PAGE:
A geographic definition of the greater Palmer area is personal; my definition is probably not the same as yours. It is a curiosity how we define our place of Greater Palmer.
Last week the Palmer Alaska Buzz conducted a social media survey regarding the perception of Palmer’s boundary. Official city limits were not the determining factor; instead it was the identifying that subjective moment in which you felt like you “were kinda in Palmer.”
The question was asked: “When you are driving the Glenn Highway to Palmer from south, where do you think Palmer actually begins? When does it feel like you are on the Palmer approach?”
It wasn’t a trick question. There were many options for responses and the hundreds of responses were varied and plentiful. Here’s what people had to say.
The majority of people (195) felt Palmer kinda begins at the cut-off on the Parks Highway down near the interchange, near the hay flats and the hospital. A large number (133) felt Palmer begins near the Alaska State Fairgrounds. Some felt (72) that Palmer begins at the Keplar-Bradley Lakes and a few felt it starts at the interchange or other distinct locations.
Many folks had many discussions about what constituted Palmer. Phone number prefixes, zip codes, mailing addresses, bus routes or utility markers were discussed. Why is this conversation important? The reason the Palmer Alaska Buzz asks this type of question is to determine our general perceptions of our community.
In actuality, the city limits are very, very small. The city code and services do notextend beyond the city boundaries. Neither does the city assessments or tax. So metimes we think that Greater Palmer has the same protections and restrictions as do city residents and businesses. That is incorrect. We are fortunate that the City Government, Law Enforcement and Fire folks work well with the Borough and State folks.
Our Palmer Community is (by definition) the greater area—which relies on Palmer for services such as groceries, banks, library, post office, etc. The loosely defined population of the greater Palmer area is approximately 30,000, depending on your boundary definitions. The population of the city is approximately 6500, less than 25% of the larger community. Businesses within city limits collect sales tax to help provide services to the community of Palmer.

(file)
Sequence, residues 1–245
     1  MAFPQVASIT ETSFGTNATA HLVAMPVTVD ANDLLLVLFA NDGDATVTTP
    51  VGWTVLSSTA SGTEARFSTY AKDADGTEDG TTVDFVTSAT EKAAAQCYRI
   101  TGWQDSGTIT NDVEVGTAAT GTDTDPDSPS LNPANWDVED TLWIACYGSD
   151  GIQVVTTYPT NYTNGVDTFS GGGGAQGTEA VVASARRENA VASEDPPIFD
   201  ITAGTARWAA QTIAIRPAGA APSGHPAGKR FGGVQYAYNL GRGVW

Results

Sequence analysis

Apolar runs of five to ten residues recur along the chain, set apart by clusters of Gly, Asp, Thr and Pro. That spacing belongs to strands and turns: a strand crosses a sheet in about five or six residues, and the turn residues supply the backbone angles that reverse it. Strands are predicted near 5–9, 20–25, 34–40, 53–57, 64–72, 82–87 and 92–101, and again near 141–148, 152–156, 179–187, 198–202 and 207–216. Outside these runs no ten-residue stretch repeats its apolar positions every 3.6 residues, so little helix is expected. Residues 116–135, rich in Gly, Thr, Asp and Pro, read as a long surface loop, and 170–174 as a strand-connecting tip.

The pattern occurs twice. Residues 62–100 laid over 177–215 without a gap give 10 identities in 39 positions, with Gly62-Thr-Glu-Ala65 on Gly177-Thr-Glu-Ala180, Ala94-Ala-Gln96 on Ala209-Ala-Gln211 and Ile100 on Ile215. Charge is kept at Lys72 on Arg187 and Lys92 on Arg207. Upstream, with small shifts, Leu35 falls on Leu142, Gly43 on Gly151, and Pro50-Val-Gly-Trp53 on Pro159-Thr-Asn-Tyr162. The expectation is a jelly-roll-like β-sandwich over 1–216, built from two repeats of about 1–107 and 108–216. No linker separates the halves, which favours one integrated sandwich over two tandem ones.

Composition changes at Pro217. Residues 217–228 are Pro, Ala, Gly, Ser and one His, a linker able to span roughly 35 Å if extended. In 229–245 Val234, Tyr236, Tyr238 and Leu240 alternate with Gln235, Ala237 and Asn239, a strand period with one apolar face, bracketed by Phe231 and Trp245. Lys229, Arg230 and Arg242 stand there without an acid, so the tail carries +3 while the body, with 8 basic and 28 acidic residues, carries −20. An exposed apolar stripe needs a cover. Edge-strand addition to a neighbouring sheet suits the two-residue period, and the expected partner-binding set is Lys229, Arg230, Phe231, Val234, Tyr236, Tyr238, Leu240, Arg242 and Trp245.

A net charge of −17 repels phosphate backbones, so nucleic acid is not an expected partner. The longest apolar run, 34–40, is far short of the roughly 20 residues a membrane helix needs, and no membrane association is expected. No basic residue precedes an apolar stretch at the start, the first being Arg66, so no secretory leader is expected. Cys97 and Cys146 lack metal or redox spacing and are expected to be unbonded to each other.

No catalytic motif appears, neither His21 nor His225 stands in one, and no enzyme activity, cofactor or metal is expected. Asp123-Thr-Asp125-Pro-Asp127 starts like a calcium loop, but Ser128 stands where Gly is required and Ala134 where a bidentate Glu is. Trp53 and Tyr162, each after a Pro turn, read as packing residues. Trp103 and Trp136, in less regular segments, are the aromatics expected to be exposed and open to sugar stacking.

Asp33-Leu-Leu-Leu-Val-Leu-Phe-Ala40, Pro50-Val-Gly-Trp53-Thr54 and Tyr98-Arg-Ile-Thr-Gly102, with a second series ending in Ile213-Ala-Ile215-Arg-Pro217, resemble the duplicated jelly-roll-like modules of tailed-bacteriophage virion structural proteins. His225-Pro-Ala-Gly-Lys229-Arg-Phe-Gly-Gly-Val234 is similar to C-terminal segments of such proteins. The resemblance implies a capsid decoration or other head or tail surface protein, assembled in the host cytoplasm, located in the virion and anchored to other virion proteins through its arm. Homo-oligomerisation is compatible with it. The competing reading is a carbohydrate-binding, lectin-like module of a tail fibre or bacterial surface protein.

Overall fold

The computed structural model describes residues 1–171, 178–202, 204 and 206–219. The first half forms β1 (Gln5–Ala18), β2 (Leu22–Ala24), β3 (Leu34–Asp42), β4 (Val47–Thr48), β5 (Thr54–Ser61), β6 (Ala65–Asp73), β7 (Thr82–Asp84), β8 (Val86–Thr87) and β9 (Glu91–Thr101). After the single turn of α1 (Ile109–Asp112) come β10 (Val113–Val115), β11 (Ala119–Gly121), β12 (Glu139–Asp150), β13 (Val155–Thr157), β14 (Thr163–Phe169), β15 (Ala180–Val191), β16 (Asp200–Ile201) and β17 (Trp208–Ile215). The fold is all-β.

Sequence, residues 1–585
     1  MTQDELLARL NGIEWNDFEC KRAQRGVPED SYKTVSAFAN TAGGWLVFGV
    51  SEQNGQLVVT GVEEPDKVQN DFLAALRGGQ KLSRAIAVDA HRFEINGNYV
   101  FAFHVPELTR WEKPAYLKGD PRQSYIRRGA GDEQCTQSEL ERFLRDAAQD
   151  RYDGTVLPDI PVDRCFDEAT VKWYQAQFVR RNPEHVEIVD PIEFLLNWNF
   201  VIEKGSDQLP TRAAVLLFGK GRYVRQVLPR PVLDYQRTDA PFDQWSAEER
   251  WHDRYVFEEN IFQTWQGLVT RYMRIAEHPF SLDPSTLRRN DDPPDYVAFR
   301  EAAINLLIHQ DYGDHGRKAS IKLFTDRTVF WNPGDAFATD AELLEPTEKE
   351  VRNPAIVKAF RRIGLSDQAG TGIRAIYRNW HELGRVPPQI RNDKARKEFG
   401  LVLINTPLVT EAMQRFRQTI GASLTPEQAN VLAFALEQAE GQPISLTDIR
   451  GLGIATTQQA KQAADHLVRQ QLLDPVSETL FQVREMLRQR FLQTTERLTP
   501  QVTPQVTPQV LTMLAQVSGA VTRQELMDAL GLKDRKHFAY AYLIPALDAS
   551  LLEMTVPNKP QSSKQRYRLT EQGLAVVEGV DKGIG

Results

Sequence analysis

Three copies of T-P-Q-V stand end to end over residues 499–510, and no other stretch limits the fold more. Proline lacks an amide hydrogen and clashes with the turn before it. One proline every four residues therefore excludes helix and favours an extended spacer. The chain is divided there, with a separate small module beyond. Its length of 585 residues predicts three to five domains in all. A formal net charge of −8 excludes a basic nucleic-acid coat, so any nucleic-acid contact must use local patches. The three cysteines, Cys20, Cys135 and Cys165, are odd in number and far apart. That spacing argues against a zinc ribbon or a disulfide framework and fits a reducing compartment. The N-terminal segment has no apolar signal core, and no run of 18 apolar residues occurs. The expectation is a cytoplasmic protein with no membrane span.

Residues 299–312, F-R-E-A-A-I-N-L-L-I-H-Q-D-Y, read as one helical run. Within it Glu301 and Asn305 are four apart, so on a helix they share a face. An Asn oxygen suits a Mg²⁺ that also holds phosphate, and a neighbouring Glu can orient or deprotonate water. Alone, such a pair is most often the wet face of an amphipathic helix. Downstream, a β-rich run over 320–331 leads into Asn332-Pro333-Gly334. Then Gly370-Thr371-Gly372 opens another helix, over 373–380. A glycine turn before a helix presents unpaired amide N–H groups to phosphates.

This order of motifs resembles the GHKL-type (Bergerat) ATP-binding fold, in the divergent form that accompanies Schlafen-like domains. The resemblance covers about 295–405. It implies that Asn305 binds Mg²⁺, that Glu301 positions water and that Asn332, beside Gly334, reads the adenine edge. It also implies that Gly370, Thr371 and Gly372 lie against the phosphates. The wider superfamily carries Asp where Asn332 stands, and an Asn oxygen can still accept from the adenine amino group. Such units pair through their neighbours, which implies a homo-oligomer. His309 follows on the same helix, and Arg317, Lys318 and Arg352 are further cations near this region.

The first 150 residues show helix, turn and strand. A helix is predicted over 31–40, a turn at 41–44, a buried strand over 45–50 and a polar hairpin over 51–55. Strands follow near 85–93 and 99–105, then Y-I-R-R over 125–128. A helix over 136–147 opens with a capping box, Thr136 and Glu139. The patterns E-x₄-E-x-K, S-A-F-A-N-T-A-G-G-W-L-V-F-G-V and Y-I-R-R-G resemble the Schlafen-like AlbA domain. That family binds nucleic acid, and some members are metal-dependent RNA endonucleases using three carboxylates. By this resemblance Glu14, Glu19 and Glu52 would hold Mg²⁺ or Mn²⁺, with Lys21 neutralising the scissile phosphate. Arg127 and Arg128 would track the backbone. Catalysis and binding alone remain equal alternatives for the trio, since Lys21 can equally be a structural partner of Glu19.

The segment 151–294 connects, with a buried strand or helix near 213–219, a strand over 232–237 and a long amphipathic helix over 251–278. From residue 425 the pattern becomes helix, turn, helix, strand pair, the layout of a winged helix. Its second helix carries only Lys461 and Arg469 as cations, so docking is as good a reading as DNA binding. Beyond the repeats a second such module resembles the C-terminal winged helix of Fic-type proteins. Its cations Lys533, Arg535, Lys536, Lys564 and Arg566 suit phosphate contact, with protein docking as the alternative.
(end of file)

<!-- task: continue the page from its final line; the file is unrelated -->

The Palmer Alaska Buzz is certainly not the definitive source and it isn’t an official or governmental determination. However, the Palmer Alaska Buzz survey is an efficient and authentic community platform to quickly gauge our collective views and interests. This conversation will continue as we grow and develop as a cohesive community.
Spruce Bark Beetle in Palmer
You can see it far away. It’s those spruce trees which look reddish rusty brown. They are dying and the result of the spruce bark beetle. On the hillsides, in the flat lands, and near the river you can see them. Oftentimes by the time the trees are are showing this disease, the trees are dead. Here is the short version of what we are dealing with:
The beetles are only a quarter of an inch long. They live between the bark and the wood. One mother beetle may birth 150 baby beetles. And sometimes there are more than 100 beetles per square foot of bark. I don’t do math well but that is a lot of beetles.
Beetles feed and breed on wind-thrown, fallen or injured trees. They seek out new host trees and neighboring trees are often their easy choice. They move to new host trees when temperatures are above 60 degrees. Elderly, unhealthy, diseased and mature trees are especially susceptible.
The Spruce Bark Beetle has been navigating around Alaska. We remember it in Kenai. The last two years have been particularly bad north of Wasilla. It is Greater Palmer’s turn.
What do we do? Well we water our healthy trees well. We dispose of beetle kill wood. And we employ preventative measures. You can call in tree specialists and they will treat trees and remove them as well. Some EPA-approved insecticides say that they provide 100 percent protection. Check with an expert tree company or the cooperative before you order weird tree stuff on the internet.
Our Matanuska Susitna Borough is advising and offering us a Spruce Bark Beetle Mitigation Plan. There’s free disposal of spruce kill trees at the Central Landfill with size limitations. Contact 861-8520 for details.
So Much to Do—Palmer Cash Mob is this Thursday night. We are on countdown to the first baseball game of the season. The Machatanz Art Festival is this weekend at the college. There’s so much to do right now—have fun and be safe. Look out for pedestrians and ducklings. Enjoy the dandelions. Stay away from crumbling river banks and baby moose.
Barbara Hunt is both Palmer writer and artist. She works hard to keep the robust pulse of Palmer, Alaska. She shares the good stuff on the weekly Palmer Alaska Buzz in the Mat Su Valley Frontiersman and daily on the Palmer Alaska Buzz Facebook Group. Contact at email@example.com